What Is an Adaptive Sync: Everything You Need To Know

What Is an Adaptive Sync
Many gamers are wondering about the dynamic adjusting of their monitor’s refresh rate to their GPU’s frame rates, and how adaptive sync relates to this. Since each manufacturer has its own version, it easily confuses PC owners what this variable of the monitor is all about and how it affects the gaming experience. We will answer and break down the most common and frequent questions about adaptive sync and everything you need to know about it. 

What is Adaptive Sync? 

Adaptive Sync was developed and standardized by VESA on the dynamic adjustment of the monitor’s vertical refresh rates to that of GPU’s outputting frame rates. It was embedded and implemented in VESA’s DisplayPort (eDP) and DisplayPort 1.2a interfaces and first came out in 2015. Adaptive sync matches or syncs your GPU’s frame rates and changes the monitor’s refresh rate to prevent screen tearing and game stuttering as your game progresses and a single frame is displayed. It is also responsible for seamless and smooth video playback despite varying content frame rates. 

GPUs using the VESA-Adaptive Sync standard are supported by select AMD video cards under their FreeSync branding. 

How does Adaptive sync work? 

Each gameplay is different. Some games have fast-motion scenes and complex graphic displays. This requires higher frame rates and fast refresh rates. However, most monitors have fixed refresh rates. When the fast motion scenes are outside the traditional refresh rate it fails to catch up with the display. This leads to display lags, stuttering, and screen tearing which ruins your game experience. 

For instance, your game is running at 90FPS (frame per second), however, your monitor’s refresh rate is fixed at 60Hz. This causes your display images to freeze or split across the screen because your GPU is running at 90 frame rates per second but your monitor is only capable of displaying 60. If your game is fast-paced and has more complex graphic displays, the gap between the frame rate and the refresh rate will give you lagging screens and delayed action in your gameplay. 

Adaptive sync adjusts your monitor’s refresh rate to match with the graphic card’s frame rates. This means that single frames, even those out of range, are displayed as soon as possible and thus, creates smooth and seamless scene transitions. The refresh rates toggle between the varying frame rates. This ensures that the image details are displayed without splitting, and effects and actions are instantly shown without delay. 

What is VSync?

VSync or Vertical Sync is the original GPU technology developed to synchronize the graphic card’s frame rate to that of the monitor's refresh rate. Released in 2010, its main purpose is to prevent screen tearing caused by the difference between the frame rate and the refresh rate. It is still found and supported by most graphic cards. 

Vsync limits or caps GPU’s outputting frame rates only up to the monitor’s refresh rate range. Traditional monitors have a standard of 60Hz refresh rate. This means that Vsync controls games with higher FPS to stay within the refresh rate range to prevent screen tears. However, when the game’s FPS is lower than the refresh rate, VSync lowers the FPS even further to match the refresh rate. This causes even slower displays and frozen screens which is frustrating to most gamers. Hence, VESA developed Adaptive sync to combat this main issue.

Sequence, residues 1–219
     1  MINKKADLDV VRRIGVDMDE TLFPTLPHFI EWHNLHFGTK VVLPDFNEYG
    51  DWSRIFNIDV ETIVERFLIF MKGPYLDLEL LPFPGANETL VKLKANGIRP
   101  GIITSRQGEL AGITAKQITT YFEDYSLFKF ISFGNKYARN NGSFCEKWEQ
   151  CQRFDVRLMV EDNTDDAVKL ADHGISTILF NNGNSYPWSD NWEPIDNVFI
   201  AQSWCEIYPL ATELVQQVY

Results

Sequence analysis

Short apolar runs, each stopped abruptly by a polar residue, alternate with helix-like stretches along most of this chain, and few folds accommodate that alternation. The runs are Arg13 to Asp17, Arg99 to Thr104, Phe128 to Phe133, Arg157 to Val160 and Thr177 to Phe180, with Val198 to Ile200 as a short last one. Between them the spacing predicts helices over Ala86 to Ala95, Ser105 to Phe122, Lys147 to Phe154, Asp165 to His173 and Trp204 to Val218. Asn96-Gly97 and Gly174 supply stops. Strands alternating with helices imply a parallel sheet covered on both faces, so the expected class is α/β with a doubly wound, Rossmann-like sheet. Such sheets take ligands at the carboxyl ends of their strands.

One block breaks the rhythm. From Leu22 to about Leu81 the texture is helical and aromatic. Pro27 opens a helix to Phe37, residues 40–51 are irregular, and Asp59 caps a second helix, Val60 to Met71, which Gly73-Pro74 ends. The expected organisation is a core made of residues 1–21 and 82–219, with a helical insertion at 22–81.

What is NVIDIA G-Sync?

What is NVIDIA G-Sync? 

Developed by NVIDIA, G-Sync came out in 2013. It’s a technology that also syncs mismatched GPU output frames to the monitor’s refresh rate. It matches the refresh rate to that of the display according to its range. This means that, when FPS increases, the refresh rate also increases, and when the FPS rate drops, the refresh rate also drops, which maintains the sync and therefore provides a smoother screen display. 

G-Sync can match the refresh rate from 30Hz and up to the maximum refresh rate of the display and ensures that the GPU speed is always in sync. For instance, when the graphic card runs at 90FPS, G-Sync will adjust the refresh rate to 90Hz, and when the FPS drops at 30, the refresh rate will also match at 30Hz. 

This eliminates not only screen tears and lagging displays but also fixes the VBI (vertical blanking interval) of the monitor. G-Sync maintains the interval of every single frame at a constant pace and therefore prevents frame issues. 

What is FreeSync?

Freesync is developed by AMD as an adaptive synchronization technology, similar to that of NVIDIA G-Sync. It uses the VESA-adaptive Sync standard and is equipped into Displayport 1.2a standard. This means that any monitor equipped with the adaptive sync standard is compatible with Freesync technology. Therefore, it is worth noting that it is not compatible with VGA and DVI connectivity. Freesync technology is “royalty-free” and an open standard, which allows manufacturers to incorporate the technology into their equipment without paying to AMD for royalty. This also means that there are more devices in the market that are equipped with Freesync. 

Like G-Sync however, Freesync also requires a corresponding monitor and GPU to be embedded with the technology to work. 

VSync vs Adaptive-Sync